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Mount Olive Baptist opens new Outreach Center in Stockbridge


By Jason A. Smith
Times Correspondent

 Lurline Newton of Decatur beamed with anticipation as she got a glimpse of the offerings at Mount Olive Baptist Church’s brand-new Outreach Center. A lifelong member of the church, Newton said the opening of the center’s clothes closet and food pantry marks an “important moment” that will help to meet crucial needs in the community.

Community leaders gathered recently for the opening of the Mount Olive Baptist Church Outreach Center in Stockbridge. The center features a food pantry, clothes closet and GED program.                                          Photo by Jason A. Smith

  “It lets everybody know that we are serious about helping people with food and clothing,” she said. “Sometimes you just need clothing to interview for a job. How are they going to do that if they have no means?”

  Church leaders, on Saturday, launched the center at 470 Mount Olive Road in Stockbridge. More than 100 people came to the 4,000 square-foot facility, across the street from the church, to get their first look at rows of clothes and non-perishable food items at the center.

  Mount Olive’s Pastor, Terrance Gattis, said the outreach center was designed as a way for the church to have a positive impact in the lives of area residents.

  “It’s really for the community,” said Gattis. “We wanted to consolidate our outreach efforts for the community, and do more for the community.”

  Gattis said currently, the church feeds about 60 families through the food pantry.

  “That’s about 3,000 to 4,000 pounds of food a month that we deliver to families and seniors in Henry County,” he said.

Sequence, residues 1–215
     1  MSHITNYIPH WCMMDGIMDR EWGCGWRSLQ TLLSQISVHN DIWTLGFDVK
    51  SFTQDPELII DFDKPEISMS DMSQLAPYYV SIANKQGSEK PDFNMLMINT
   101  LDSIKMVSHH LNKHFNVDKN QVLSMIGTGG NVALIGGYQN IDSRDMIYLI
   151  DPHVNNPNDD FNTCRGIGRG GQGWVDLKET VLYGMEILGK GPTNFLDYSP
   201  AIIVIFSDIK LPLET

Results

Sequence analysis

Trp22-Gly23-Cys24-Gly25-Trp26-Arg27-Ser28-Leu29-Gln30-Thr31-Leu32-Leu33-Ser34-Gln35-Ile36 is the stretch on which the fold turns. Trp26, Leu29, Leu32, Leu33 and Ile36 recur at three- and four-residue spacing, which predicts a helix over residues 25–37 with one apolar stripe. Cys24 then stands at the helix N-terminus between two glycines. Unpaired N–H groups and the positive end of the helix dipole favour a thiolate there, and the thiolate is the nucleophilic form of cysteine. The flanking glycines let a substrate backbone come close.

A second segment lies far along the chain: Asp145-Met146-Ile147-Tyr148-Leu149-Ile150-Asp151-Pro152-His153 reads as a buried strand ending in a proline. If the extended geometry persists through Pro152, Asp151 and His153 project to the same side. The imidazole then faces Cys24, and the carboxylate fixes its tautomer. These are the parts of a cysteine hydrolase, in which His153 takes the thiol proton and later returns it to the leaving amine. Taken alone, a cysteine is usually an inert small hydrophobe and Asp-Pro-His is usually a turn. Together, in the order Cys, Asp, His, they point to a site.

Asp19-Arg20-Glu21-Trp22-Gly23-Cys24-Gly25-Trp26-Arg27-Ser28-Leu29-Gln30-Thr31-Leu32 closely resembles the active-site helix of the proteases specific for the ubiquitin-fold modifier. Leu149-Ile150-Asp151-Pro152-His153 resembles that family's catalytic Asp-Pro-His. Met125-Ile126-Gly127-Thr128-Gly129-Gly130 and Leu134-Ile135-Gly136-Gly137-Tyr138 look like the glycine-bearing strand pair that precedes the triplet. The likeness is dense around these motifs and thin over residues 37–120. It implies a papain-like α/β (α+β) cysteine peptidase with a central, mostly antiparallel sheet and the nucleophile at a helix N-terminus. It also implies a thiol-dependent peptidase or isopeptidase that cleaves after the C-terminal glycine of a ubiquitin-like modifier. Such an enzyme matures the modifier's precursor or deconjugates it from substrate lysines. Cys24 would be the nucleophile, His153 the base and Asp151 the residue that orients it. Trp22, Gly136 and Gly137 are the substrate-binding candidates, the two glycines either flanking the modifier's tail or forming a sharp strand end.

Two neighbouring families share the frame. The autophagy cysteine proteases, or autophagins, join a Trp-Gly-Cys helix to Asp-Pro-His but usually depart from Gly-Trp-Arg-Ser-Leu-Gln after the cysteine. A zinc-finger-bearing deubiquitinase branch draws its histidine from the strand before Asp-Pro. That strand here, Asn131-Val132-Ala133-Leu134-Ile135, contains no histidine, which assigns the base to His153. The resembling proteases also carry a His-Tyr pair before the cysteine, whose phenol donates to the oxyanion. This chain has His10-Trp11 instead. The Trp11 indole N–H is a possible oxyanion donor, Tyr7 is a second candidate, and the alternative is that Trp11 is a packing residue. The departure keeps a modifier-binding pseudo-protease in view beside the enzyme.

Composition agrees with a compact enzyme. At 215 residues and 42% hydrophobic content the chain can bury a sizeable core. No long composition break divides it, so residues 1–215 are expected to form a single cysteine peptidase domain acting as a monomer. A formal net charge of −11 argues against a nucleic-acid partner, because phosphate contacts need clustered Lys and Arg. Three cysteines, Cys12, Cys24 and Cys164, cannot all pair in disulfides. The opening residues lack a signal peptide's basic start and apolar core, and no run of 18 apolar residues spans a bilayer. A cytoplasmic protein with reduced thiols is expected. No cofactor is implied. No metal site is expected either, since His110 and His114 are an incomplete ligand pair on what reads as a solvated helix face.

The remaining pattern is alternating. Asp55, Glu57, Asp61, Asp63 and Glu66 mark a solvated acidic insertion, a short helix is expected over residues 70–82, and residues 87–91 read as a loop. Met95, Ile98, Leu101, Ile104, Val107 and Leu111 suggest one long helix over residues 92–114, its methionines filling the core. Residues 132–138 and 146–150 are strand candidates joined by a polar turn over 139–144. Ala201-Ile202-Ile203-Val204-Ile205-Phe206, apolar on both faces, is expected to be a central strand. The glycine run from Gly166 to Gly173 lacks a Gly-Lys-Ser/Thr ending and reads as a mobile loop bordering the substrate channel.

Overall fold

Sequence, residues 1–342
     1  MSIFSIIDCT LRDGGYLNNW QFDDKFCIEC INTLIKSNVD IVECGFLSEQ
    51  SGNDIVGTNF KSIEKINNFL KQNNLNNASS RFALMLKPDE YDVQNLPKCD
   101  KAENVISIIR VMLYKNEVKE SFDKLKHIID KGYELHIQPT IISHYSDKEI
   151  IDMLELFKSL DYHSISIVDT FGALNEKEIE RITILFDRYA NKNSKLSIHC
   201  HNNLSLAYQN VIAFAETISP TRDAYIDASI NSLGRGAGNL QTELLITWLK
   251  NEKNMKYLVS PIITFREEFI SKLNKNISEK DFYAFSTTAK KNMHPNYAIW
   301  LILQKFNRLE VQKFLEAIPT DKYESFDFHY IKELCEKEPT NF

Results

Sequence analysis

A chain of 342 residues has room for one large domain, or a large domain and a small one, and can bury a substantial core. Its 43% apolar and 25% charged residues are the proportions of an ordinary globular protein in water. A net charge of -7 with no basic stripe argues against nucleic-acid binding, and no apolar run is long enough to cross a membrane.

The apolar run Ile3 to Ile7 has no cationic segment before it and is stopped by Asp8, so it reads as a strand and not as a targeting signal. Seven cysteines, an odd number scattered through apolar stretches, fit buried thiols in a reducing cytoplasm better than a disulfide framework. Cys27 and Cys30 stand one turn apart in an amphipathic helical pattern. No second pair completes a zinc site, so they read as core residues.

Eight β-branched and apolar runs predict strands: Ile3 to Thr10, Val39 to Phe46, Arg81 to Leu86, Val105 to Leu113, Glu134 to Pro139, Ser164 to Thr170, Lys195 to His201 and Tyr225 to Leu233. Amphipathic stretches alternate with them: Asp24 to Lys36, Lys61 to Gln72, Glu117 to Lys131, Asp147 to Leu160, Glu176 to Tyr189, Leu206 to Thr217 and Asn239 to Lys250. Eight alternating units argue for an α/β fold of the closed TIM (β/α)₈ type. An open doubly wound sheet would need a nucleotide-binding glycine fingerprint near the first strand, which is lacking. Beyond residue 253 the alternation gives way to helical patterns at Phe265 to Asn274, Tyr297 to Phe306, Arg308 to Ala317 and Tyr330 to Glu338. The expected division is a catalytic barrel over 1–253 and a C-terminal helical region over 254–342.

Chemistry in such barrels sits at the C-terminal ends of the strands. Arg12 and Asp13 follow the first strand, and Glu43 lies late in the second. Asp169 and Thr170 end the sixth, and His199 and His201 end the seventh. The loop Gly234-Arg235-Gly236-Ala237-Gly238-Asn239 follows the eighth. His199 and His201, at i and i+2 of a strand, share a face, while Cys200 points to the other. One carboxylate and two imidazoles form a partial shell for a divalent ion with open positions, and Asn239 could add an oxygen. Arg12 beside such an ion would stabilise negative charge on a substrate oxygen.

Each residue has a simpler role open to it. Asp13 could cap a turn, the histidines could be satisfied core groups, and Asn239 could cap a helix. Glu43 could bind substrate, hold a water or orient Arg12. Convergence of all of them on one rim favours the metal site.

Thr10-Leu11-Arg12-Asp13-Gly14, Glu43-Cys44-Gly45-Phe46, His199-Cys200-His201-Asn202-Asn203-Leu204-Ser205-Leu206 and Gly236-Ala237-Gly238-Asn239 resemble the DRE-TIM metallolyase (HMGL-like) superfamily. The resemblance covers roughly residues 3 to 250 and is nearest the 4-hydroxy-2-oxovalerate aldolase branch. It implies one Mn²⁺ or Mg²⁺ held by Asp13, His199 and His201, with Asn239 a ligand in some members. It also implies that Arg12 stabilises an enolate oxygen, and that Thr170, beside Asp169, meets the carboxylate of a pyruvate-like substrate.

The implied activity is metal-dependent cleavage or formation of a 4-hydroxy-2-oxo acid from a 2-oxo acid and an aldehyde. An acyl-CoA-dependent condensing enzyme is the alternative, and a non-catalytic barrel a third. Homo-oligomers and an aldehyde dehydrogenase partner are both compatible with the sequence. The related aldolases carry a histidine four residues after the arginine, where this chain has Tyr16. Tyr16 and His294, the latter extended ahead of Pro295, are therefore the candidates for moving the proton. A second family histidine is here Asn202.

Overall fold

Families can also come to the clothes closet and get anything they need for free, the pastor said.

  Education is another focus of the Outreach Center. Beginning in August, the facility will offer a GED program for both Spanish and English-speaking students.

  “There are a lot of people in Henry County not graduating,” said Gattis. “We can help that by doing a GED program that will help them get a high-school education, but also potentially get a job. It’s hard to get a job without a high-school diploma. The GED program will help people get their diploma.”

  Robert Moseley is the chairman of the board of trustees for the church. He said Mount Olive Baptist has collected food for a number of years to help feed church members and others in the area, but wanted to expand their efforts to help more people.

   “We’ll try to clothe and feed as many people as we possibly can,” said Moseley. “The way the economy is now, they need help, they need jobs. We have a lot of people who have lost their income, lost their jobs. They just need help.”

  Non-perishable food items at the center come from donations, as well as from the Atlanta Food Bank. Moseley said the clothes closet concept has been in the works for a number of years and was initiated by a group of ladies at Mount Olive Baptist.

  Several community and government leaders were on hand to celebrate the center’s opening. Debra C. Wells, manager at Hands of Hope Clinic in Stockbridge, said she looks forward to continuing a good working relationship with the church through the new facility.

  “The shared resources that both organizations will be able to provide to citizens of Henry County, that are in need of both of our services, it strengthens the effort of both organizations in what we are trying to do to help our neighbors,” said Wells.

  Henry’s District V Commissioner, Bruce Holmes, praised Gattis and other church leaders for creating the center. Holmes said the church’s endeavors will help people get back on their feet, for the overall betterment of the county.

  “Anytime you have an organization that is doing something to give back to the community, it’s great,” said Holmes. “The more we have giving back, the better.”

  Stockbridge Councilman Alphonso Thomas also commended Gattis for taking the church’s message to the community in a tangible way.

  “These are the things that meet the needs of everyday people,” said Thomas. “This is the engine that makes things work. When you have people that are committed to the mission of the church, that is what makes it work for everyone.”

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